Why Gum Disease Shouldn't Be Ignored (and What to Do Instead)

| 8 min read

It might appear that your teeth get all-the-press. But there's an equal amount of attention given to your gum health and more specifically gum disease.

Is gum disease something you should be concerned about?

Yes, if you understand what it is and if you recognize certain symptoms.

Let's start with the basics.

What is gum disease?

The technical term you might hear from your dentist is periodontal disease. However it's referenced, the culprit is a common one.

Like most issues in your mouth the root cause can be traced to bacteria.

The early stages of gum disease (gingivitis) typically begin with a bacterial infection in your mouth. The infection could be sourced in a decayed tooth or within your gum tissue.

Major issues emerge when you ignore the infection. As bacteria begin to multiply and thrive (without treatment) your infection can worsen in its attack on your gum tissue.

Ignoring or avoiding a gum disease diagnosis and treatment can lead to further health complications.

  • Jaw bone erosion
  • Tooth loss
  • Systemic health issues such as heart disease and diabetes.

Once you notice signs and symptoms of gum disease it's vital to seek dental care.

And speaking of...

The common symptoms and signs of gum disease

Again, early attention to any developing oral health condition can save you from more extensive (and potentially costly) dental treatment.

Relative to gum disease the same applies that the earlier you seek a diagnosis and/or treatment the better.

Gum disease symptoms will likely be revealed in a few common scenarios within your mouth.

Swollen, red, tender, or infected gums

When your gums are healthy and minus infection they should appear firm and pink in color. Inflammation in your gum tissue can produce a swelled and/or red appearance.

You might also notice tenderness especially when chewing or brushing your teeth.

Bleeding gums

This symptom often shows up when you are brushing and flossing your teeth. Blood in the sink could be the result of aggressive brushing (gentleness recommended).

It's the frequent appearance of blood that requires attention. Consult with a dentist to seek a cause for bleeding gums - including gum disease.

Receding gums

You might notice that your teeth are pulling away from your gums. Or you could get the impression that your teeth are getting longer.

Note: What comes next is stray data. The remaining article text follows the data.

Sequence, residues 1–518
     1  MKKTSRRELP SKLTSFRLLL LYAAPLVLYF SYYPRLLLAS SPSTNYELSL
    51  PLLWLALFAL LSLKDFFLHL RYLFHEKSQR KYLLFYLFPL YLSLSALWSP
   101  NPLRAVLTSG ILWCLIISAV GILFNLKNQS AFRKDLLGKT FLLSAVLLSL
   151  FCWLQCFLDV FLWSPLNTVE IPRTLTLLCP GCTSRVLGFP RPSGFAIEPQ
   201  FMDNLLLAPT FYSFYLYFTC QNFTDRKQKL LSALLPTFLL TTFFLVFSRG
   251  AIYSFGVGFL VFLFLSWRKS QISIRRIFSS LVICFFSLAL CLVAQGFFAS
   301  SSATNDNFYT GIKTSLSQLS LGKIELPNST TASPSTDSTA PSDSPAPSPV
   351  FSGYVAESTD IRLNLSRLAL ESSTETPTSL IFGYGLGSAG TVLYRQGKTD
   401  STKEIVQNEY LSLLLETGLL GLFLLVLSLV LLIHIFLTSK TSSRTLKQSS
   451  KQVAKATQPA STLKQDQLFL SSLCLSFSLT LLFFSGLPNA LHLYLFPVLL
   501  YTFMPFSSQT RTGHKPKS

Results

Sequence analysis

What's happening might be gum recession. This can result from weak or infected gum tissue.

Loose or misaligned teeth

Your gum and bone tissue provide an anchor for your teeth. When the tissue begins to break down due to infection or gum disease, your teeth can loosen.

You might also notice that your teeth do not fit together properly. Or that your bite is off.

Bad breath

Again, bacteria is to blame. Oral bacteria that are allowed to thrive in your mouth will often attack gum tissue and overtime produce gum disease.

This brings us to the big question...

How do you prevent and treat gum disease?

There are care routines that can help prevent gum disease from occuring. And there are treatments for gum disease once you've been diagnosed - even early stage solutions for reversing gum disease.

Daily oral hygiene routines

  • Brush your teeth a minimum of two times per day.
  • Use a toothpaste containing fluoride.
  • Floss between your teeth and gently around you gum tissue to remove plaque.

Regular dental examinations and teeth cleanings

Schedule a dental check-up two times per year. These preventive dental care appointments provide your dentist the opportunity to check your gum tissue for any signs of gum disease.

Request a teeth cleaning during each of your scheduled examinations. A dental hygienist is trained to remove harmful plaque bacteria before it leads to decay, infection, and gum disease.

Monitor your lifestyle and diet

Tobacco use can increase your risk for gum related issues and gum disease. On the contrary, your dietary choices can also boost your body's defense against dental issues including gum disease.

  • Eat fruits and vegetables that are rich in immune boosting vitamins and minerals.
  • Ask your healthcare provider about foods that have the potential to strengthen your immune system and reduce inflammation.

Take advantage of gum disease treatment following a diagnosis

Gingivitis is an early stage condition. The good news is that some cases of gingivitis can be reversed with specific treatment.

Treatment for early and advanced stages of gum disease can include:

  • A deep cleaning (scaling and root planing procedure). Your dentist or a dental hygienist uses laser or ultrasonic technology or manual tools to remove tartar and bacteria from beneath your gum tissue.
  • Prescribed medications that help control bacteria, infection, and also relieve gum disease symptoms.
  • Surgical treatments for more severe and advanced conditions.

Gum disease symptoms can create a number of questions. It's essential to your oral health that you seek answers and solutions for your gum related issues.

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Experience the convenience and cost-effective solutions of virtual dental care

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